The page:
17 September 2009

I Can Be Healed; I Wish I Could Heal Them

Today I saw Dr. Jennifer again. Every woman should have a gynecologist like her. And I really hope that some day she teaches somewhere: She is so good at explaining--and, even more important, anticipating what you might want explained.

She says I'm "almost there." About my healing, she says, "Everybody's should be like yours." The bacterial infestation is gone and now I have to wait for the perineum area, where most of the pressure would be, to heal. That is the reason why she still recommends that I follow Marci's advice and not have receptive sex or ride my bike for another month. At that time, I will see Jennifer again and, if my healing progresses as it has been, I should be "good to go."

Having Marci do my surgery and Jennifer for my gynecologist makes me wish I were better at things like biology and chemistry. Both Marci and Jennifer insist that I should not wish for such things; they both say that I'm a "lovely" and "beautiful" person. But they perform miracles: They help people to live, live well and live better. In my case, Marci helped to make possible the life I always wanted--no, was always meant to live--and Jennifer has been helping me through its earliest days.

I wish I could do for someone else what they've been doing for me.

That's how I always feel when someone heals or nurtures me. I don't think that anyone can do anything more important or beautiful. Of course that is the reason why nobody will ever be as important to me as my mother; after her, in there are Marci and Jennifer, Bruce, Millie and Kevin (my first AA sponsor) and every cat I've had. There are other people who, for brief periods of time and in smaller ways, helped me to get better or to develop in some beneficial way. But I simply don't have the capacity to do for anyone what they've done for me.

It's not just a matter of the gaps in my education or talents, although, as I said, I would need to have more aptitude for science to do the kinds of work Marci and Jennifer do. What I lack is what some people would describe as a "touch": I might feel someone else's pain, but I don't always do the right thing for them. And, as much as I aspire toward the spiritual, I am not any sort of medium or holy person.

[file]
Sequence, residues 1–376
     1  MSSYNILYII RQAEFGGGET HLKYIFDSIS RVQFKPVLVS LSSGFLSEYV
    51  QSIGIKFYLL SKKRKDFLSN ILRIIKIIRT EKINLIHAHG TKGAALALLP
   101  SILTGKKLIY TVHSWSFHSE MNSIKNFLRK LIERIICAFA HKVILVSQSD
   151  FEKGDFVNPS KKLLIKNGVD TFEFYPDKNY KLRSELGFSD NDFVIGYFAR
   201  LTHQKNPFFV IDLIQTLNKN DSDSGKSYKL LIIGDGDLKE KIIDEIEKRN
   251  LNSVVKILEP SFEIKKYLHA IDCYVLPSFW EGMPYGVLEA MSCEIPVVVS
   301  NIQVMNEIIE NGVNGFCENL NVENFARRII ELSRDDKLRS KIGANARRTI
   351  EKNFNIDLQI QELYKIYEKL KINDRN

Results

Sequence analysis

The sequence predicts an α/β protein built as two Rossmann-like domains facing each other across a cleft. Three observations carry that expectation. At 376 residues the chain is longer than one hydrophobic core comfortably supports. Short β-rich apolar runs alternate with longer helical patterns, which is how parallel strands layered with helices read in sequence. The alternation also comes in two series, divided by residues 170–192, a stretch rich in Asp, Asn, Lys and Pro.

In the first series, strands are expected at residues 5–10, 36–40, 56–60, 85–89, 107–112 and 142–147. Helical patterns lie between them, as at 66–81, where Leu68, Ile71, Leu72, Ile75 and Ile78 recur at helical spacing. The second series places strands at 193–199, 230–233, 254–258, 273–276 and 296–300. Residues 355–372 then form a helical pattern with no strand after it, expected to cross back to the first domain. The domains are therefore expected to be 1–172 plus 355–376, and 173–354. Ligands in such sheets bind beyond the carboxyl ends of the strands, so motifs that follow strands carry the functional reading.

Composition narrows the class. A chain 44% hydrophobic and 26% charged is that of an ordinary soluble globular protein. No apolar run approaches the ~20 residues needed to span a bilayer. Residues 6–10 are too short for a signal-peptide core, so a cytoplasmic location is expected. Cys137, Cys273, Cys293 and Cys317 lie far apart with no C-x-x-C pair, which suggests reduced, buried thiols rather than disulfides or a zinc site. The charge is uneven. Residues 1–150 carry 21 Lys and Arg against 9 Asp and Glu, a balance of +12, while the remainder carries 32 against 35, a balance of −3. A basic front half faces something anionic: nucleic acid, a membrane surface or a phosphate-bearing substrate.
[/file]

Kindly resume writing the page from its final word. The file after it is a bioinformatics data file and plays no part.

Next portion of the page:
I'm thinking again of the course I took last semester: a PhD level (whatever that means) English class called "Literature, Gender and Sexuality." I was going to take a course in Mandarin, but a couple of people suggested that I take a course like the one I took. After the momentary thrill of deciphering convoluted essays and books, I couldn't think of anything that I gained by taking it. And I still can't think of how it will benefit me, much less anyone else. I mean, if reading those unreadable texts couldn't change my life, how could I use them to anyone else's benefit?

Even if you enjoy solving things that are made to be puzzles but needn't be so, the sheer pretentiousness of the enterprise and the people involved in it can choke you. Any of the people I named earlier are far more intelligent than anyone I met at the Graduate Center of CUNY, where I took the course, and Marci is the best at the kind of surgery she performs and has been named one of the 100 best doctors in the United States. If someone like her can explain complicated ideas and procedures without condescenscion, or if she or anyone else can respect my humanness as I struggle to learn one thing and another, why do I need to be around people who can't offer me much more than their attitudes and jargon.